GDC 2018

I had the fortune of attending The Game Developers Conference 2018 in San Francisco this year.

Throughout the conference I took the following notes which I thought to share!

Day 1 – 3/19/2018

My first day at GDC involved visiting a number of sponsored talks as well as a great talk on the game Mortician’s Tale.

Google Dev Day

In this event Google was presenting a number of new features. One in particular was Google Instant. The concept is that developers would create partial builds that would act as a lite version of the experience used to give a demo of the experience. One interesting concept they proposed was that as speed increases, consumption increases.

Amazon – Gameon

This session was a demo for introducing Amazons Gameon feature. In the talk the speaker went through how to implement the Gameon system providing diagrams and code samples.

Gameon, as I understood it, is a service that allows deliveries leveraging the Amazon delivery service. The example the speaker spoke at length about was integrating real world prizes into a game system using Amazon’s delivery service e.g. a player wins a game and a real prize is delivered to them by Amazon.

Amazon – Future of E-Sports

In this panel hosted by Amazon the speakers gave their opinion on the future of E-Sports and made a number of interesting points including:

  • What was driving the increase in size of esport was not something in mobile applications, but the increase in the number of devices, and increase in speed of infrastructure.
  • The best e-sport is easy to pickup but hard to master.
  • The perceived skill gap of mobile vs PC is good for the e-sports as its about accessibility having mobile in the e-sports scene.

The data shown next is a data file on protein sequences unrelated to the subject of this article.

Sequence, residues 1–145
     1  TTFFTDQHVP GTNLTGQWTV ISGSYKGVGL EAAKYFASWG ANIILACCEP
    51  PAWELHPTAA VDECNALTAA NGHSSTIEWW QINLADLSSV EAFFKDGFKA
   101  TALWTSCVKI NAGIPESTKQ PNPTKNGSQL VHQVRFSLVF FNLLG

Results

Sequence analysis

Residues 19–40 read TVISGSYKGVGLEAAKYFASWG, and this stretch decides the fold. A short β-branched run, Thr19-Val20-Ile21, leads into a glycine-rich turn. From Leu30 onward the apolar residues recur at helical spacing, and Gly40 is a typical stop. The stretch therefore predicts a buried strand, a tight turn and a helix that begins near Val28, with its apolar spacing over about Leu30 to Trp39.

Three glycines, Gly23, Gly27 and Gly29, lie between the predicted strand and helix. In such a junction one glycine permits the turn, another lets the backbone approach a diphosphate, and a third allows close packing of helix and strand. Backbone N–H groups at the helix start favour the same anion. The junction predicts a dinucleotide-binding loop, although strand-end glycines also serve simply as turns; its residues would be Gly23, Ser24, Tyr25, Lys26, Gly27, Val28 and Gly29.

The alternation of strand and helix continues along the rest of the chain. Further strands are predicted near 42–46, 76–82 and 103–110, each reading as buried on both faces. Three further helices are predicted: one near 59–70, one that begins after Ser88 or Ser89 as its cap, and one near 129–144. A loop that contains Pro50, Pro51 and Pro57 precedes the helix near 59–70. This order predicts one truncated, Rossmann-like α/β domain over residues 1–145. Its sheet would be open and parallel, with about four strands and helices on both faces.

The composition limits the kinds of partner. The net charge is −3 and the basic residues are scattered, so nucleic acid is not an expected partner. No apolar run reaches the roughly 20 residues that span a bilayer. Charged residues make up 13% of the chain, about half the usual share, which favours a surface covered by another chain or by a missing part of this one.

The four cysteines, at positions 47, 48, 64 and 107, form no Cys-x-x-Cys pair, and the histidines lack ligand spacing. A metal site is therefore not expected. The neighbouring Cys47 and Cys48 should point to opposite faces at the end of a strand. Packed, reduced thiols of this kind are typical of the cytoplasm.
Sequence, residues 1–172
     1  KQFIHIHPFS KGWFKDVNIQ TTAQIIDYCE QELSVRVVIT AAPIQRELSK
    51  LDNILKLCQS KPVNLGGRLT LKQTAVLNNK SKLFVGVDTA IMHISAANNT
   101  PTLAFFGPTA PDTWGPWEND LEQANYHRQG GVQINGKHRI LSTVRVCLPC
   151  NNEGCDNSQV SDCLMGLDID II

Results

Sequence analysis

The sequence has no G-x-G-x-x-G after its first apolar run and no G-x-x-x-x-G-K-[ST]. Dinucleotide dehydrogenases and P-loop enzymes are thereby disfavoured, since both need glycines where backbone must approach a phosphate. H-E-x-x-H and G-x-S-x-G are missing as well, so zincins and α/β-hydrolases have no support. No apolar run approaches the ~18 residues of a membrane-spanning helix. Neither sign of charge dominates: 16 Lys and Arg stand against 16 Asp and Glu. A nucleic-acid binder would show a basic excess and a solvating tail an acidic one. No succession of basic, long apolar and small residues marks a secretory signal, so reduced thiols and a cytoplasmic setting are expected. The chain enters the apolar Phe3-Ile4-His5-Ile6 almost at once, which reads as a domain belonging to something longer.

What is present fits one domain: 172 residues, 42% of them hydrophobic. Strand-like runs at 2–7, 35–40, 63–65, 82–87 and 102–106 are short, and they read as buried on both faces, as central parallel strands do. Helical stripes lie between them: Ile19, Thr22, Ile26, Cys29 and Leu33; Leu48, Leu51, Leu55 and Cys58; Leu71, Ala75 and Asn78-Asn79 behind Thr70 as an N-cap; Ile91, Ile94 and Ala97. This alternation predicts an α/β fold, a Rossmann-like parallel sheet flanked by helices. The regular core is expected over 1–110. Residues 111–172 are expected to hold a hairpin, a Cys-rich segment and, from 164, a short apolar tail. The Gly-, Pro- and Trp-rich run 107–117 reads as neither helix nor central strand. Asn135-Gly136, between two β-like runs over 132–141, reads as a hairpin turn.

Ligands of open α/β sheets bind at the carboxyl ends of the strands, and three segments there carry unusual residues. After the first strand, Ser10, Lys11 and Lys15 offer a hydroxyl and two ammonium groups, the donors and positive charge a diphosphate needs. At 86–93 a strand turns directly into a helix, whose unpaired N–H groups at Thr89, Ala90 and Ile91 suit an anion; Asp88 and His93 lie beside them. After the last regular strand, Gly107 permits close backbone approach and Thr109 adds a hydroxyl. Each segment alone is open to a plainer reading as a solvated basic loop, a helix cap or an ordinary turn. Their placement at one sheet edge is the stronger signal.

• When you have a hit one challenge is to sustain the momentum. There are several ways to do so. Two ways are building a brand or building a community.
  • Games that are good for broadcasting are surprising, unpredictable, and easy to watch.
  • E-Sports has a structure like that of regular sports. Blizzard for example has franchises all over the world, and the owners of E-Sports teams are like the owners of traditional sports teams.

Mortician’s Tale – A Different View on How Games Treat Death

This talk was about the concept of death in a game called Mortician’s Tale. As described by the creator Morticians Tale is ‘a job simulator game’ about being a Mortician.

During the talk the speaker made a number of interesting points including:

  • Death systems in games have endured. In Mortician’s tale they wanted to explore ways of displaying it.
  • It was important that death in the game should relate to narrative and mechanics of game.
  • One book that was influential to the development was ‘Smoke Gets in Your Eyes’ by Caitlin Doughty.
  • The purple color in the game was used to hide the ugliness of death and reflects melancholy.
  • The game removes the ability to fail during preparation of the body as the creators felt it would disrespect the bodies.
  • The protagonist of the game was made silent as a silent protagonist can act as a vessel for players.
  • A silent protagonist also underscores the importance of listening in the grieving process.
  • Post release the feedback was positive and the creator believed there was some evidence of a transformative effect due to the design decisions made while making the game.

At the end of the conference the speaker made recommendations of a number of other games to look at that explore the topic of death:

Finally the speaker made four major recommendations for how to do death in games better:

  1. Make it meaningful.
  2. Do your research.
  3. Be understanding with your players.
  4. Asses your own feelings.

Talk Link

Continue reading GDC 2018

Of Blood and Water – Dragon Age Tabletop RPG Adventure

Introduction: Of Blood and Water is a five-act RPG adventure written for the Dragon Age tabletop RPG system. It was created as a semester-long project for the RPG Writing Workshop course at Carnegie Mellon University. This involved creating character descriptions, step-outlines, and five acts that each include a dramatic scene written in script format.